Kidney cancer: survival rate and treatment options

Written by: Mr Chris Blick
Published:
Edited by: Laura Burgess

Kidney (or renal) cancer is one of the most common types of cancers in the UK. The survival rate can be excellent if the disease is caught early.

We’ve asked one of our expert urologists Mr Chris Blick to explain the risk factors for renal cancer, the signs and the outlook for healing and survival.
 

What are the different types of kidney cancer?

The majority of renal cancers are called adenocarcinomas, which arise from the functioning part of the kidney. Approximately 10% originate from the drainage component of the kidney and are called transitional cell carcinomas. Traditionally, renal cell cancer can be divided into five main sub-groups:

  1. Clear cell (Approximately 75% of cases)
  2. Papillary (10-15% of cases)
  3. Chromophobe (5% of cases)
  4. Collecting duct carcinoma
  5. Unclassified renal cell cancer
     

What causes kidney cancer?

Worldwide, the highest rates of renal cancer occur in North America and Europe and the lowest occur in Africa and Asia. Obesity is thought to cause almost 25% of cases. Smoking, obesity, diabetes and hypertension have all been associated with an increased risk of renal cell cancer.

Increased risk of kidney cancer is also seen in patients with thyroid cancer and those with rare inherited conditions such as Von Hippel-Lindau disease, tuberous sclerosis and Birt-Hogg-Dube syndrome (skin tumour and lung cyst).
 

What are the signs of kidney cancer?

Currently, more than 50% of kidney cancers are detected incidentally and very few present with the classic symptoms, which include haematuria (blood in the urine), flank pain and an abdominal mass.

Approximately 30% of patients present with paraneoplastic conditions such as high calcium. In the most part, the diagnosis of renal cancer is made via CT or ultrasound scans.
 

What is the prognosis/survival rate for kidney cancer?

Survival in kidney cancer for those patients diagnosed where the cancer is localised to the kidney is high with over 80% of patients surviving for five years or more from diagnosis.

Unfortunately, for those who are diagnosed when the kidney cancer has already spread to other parts of the body, the prognosis is less favourable.
 

What is the treatment for kidney cancer?

Wherever possible, nephron sparing or kidney sparing surgery is recommended as this has similar outcomes as to the removal of the entire kidney. Where this is not possible, radical nephrectomy or removal of the entire kidney either via keyhole or open surgery is recommended.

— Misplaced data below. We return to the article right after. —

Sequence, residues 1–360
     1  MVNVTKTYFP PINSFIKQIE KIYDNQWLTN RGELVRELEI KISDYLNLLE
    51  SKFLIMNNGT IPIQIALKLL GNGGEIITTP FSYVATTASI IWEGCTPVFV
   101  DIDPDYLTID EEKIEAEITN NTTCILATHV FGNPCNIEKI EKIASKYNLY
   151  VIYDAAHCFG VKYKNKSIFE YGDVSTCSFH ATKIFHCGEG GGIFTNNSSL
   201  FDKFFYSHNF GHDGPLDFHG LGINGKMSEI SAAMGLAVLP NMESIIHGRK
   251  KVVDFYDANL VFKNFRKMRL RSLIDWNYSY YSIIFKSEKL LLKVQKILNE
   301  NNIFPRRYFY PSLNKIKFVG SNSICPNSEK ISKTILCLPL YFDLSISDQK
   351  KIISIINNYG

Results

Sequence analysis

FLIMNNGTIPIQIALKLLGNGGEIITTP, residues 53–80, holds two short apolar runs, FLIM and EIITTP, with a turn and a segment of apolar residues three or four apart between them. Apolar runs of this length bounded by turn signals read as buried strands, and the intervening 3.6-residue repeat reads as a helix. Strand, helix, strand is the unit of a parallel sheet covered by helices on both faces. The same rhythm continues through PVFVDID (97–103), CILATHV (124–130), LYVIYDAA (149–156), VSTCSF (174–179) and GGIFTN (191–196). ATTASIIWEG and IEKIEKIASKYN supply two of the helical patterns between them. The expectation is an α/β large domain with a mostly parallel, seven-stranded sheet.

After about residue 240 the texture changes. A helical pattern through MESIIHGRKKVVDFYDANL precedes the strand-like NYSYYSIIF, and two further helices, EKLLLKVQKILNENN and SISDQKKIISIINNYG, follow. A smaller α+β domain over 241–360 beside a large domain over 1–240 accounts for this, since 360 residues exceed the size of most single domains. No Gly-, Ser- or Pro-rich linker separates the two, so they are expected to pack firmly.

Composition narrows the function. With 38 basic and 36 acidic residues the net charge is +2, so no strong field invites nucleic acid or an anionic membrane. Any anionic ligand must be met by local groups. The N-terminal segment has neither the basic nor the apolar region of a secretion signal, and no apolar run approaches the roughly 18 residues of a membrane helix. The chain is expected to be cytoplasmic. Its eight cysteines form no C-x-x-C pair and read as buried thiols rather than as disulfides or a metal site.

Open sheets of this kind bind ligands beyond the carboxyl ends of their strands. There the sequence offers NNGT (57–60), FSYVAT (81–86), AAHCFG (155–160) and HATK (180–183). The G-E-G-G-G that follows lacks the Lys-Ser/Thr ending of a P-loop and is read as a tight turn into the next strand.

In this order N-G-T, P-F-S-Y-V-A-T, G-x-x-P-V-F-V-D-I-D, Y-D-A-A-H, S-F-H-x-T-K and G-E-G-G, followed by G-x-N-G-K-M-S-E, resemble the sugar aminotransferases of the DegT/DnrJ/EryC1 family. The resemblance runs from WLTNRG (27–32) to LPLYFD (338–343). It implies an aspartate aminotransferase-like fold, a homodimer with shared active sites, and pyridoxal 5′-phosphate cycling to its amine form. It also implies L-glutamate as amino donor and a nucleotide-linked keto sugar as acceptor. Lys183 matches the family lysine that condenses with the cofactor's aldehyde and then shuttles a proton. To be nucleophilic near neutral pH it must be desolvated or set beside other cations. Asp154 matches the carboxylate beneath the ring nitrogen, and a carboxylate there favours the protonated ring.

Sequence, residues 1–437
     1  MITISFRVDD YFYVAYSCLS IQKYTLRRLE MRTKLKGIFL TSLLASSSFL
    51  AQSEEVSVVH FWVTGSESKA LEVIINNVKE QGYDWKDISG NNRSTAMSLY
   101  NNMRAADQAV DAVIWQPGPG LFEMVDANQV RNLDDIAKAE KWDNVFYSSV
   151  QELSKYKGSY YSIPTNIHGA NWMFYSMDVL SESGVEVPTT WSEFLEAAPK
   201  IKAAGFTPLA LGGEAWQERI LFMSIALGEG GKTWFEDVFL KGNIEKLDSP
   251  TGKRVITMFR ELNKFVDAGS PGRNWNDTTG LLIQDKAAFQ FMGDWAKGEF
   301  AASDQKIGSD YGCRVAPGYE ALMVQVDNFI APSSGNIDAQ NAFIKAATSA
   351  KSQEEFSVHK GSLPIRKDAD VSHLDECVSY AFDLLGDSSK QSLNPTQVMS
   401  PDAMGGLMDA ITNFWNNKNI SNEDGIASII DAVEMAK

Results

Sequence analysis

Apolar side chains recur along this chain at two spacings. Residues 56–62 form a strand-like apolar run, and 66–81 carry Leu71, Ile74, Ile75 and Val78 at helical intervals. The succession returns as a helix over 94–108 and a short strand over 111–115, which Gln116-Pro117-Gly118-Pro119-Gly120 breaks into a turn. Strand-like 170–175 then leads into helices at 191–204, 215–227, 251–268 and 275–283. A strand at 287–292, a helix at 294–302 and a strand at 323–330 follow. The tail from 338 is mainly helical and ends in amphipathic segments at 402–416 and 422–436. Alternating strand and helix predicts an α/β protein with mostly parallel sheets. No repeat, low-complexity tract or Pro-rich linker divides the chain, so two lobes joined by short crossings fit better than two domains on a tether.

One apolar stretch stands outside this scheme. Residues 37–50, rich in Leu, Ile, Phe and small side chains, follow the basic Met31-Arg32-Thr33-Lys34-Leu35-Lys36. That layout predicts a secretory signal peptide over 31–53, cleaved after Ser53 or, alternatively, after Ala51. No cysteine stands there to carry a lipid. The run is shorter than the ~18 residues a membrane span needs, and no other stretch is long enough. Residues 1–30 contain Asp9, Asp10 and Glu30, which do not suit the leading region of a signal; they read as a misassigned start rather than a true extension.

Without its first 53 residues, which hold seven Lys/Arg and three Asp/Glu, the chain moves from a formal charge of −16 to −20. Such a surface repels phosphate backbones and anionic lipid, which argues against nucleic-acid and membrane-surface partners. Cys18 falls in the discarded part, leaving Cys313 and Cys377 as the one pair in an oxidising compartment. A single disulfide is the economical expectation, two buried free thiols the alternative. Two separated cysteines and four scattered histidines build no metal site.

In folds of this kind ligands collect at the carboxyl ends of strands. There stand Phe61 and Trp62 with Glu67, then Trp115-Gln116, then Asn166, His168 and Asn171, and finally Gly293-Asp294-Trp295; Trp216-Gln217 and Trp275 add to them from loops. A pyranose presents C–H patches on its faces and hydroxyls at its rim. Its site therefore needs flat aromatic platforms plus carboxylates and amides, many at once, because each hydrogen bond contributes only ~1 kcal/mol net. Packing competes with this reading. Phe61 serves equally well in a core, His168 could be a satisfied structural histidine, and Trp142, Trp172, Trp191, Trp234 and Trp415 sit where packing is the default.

In the case of small renal masses (tumours less than 4cms in maximum diameter) active surveillance, radiofrequency ablation, cryoablation or laser ablation are also considered.


Do not hesitate to book an appointment with Mr Blick if you have any concerns about your renal health.

By Mr Chris Blick
Urology

Mr Christopher Blick is a highly skilled consultant urologist based in London and Reading. He specialises in treating kidney cancer, bladder cancer and urinary tract infections, as well as a number of prostate conditions, including BPH, prostatitis, and prostate cancer.

Mr Blick qualified from the University of Sheffield before undertaking his specialist urological training in Oxfordshire, Berkshire, and Buckinghamshire. He then completed a British Association of Urological Surgeons Fellowship to the Keck Institute of Medicine, University of Southern California, USA under the tutorship of esteemed pioneer and international leader of robotic renal and bladder surgery Professor Inderbir Gill. He was later awarded a DPhil (PhD) by Christ Church, University of Oxford.

Mr Blick's research has been widely published, particularly his work on kidney and bladder cancer and he has made presentations at both national and international meetings. He is the UK representative at the Board of the European Association of Urology (young Urologist office) and a member of the editorial board of the Journal of Clinical Urology. His interest in clinical trials led to him being the first urological trainee member of the National Institute of Heath Research (NIHR) clinical studies group (CSG).

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